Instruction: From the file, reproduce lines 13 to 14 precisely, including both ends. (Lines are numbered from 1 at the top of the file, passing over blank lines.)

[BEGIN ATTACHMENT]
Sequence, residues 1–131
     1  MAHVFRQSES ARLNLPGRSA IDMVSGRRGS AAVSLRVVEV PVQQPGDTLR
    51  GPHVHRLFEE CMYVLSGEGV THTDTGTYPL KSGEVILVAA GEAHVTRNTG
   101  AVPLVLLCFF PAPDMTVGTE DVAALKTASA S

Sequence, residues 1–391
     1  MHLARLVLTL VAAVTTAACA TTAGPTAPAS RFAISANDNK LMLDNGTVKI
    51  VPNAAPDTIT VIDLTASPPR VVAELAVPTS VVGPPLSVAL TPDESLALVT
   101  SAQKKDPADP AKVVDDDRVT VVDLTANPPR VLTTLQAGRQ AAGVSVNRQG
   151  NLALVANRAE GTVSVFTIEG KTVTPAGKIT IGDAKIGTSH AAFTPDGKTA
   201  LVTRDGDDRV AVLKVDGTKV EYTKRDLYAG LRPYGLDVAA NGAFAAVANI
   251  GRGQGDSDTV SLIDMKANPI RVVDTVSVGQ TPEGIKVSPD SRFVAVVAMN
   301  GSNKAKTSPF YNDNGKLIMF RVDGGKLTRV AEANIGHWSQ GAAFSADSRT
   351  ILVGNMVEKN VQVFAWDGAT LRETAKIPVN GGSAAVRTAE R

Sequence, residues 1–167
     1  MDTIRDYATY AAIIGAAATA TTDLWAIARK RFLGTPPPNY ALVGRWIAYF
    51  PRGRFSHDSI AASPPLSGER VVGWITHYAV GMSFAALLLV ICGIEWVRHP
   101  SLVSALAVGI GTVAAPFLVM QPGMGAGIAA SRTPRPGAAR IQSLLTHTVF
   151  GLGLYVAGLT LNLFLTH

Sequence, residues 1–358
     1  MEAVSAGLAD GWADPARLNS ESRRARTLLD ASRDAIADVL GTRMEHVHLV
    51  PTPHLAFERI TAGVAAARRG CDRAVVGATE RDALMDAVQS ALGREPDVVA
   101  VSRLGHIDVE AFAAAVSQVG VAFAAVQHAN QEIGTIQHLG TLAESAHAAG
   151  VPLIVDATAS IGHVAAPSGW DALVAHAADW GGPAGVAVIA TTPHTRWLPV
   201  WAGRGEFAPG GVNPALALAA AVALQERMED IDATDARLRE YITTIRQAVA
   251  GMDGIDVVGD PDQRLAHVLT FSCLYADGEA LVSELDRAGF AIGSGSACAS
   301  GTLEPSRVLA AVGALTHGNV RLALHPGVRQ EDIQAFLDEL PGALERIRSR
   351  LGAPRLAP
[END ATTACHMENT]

   351  ILVGNMVEKN VQVFAWDGAT LRETAKIPVN GGSAAVRTAE R

Sequence, residues 1–167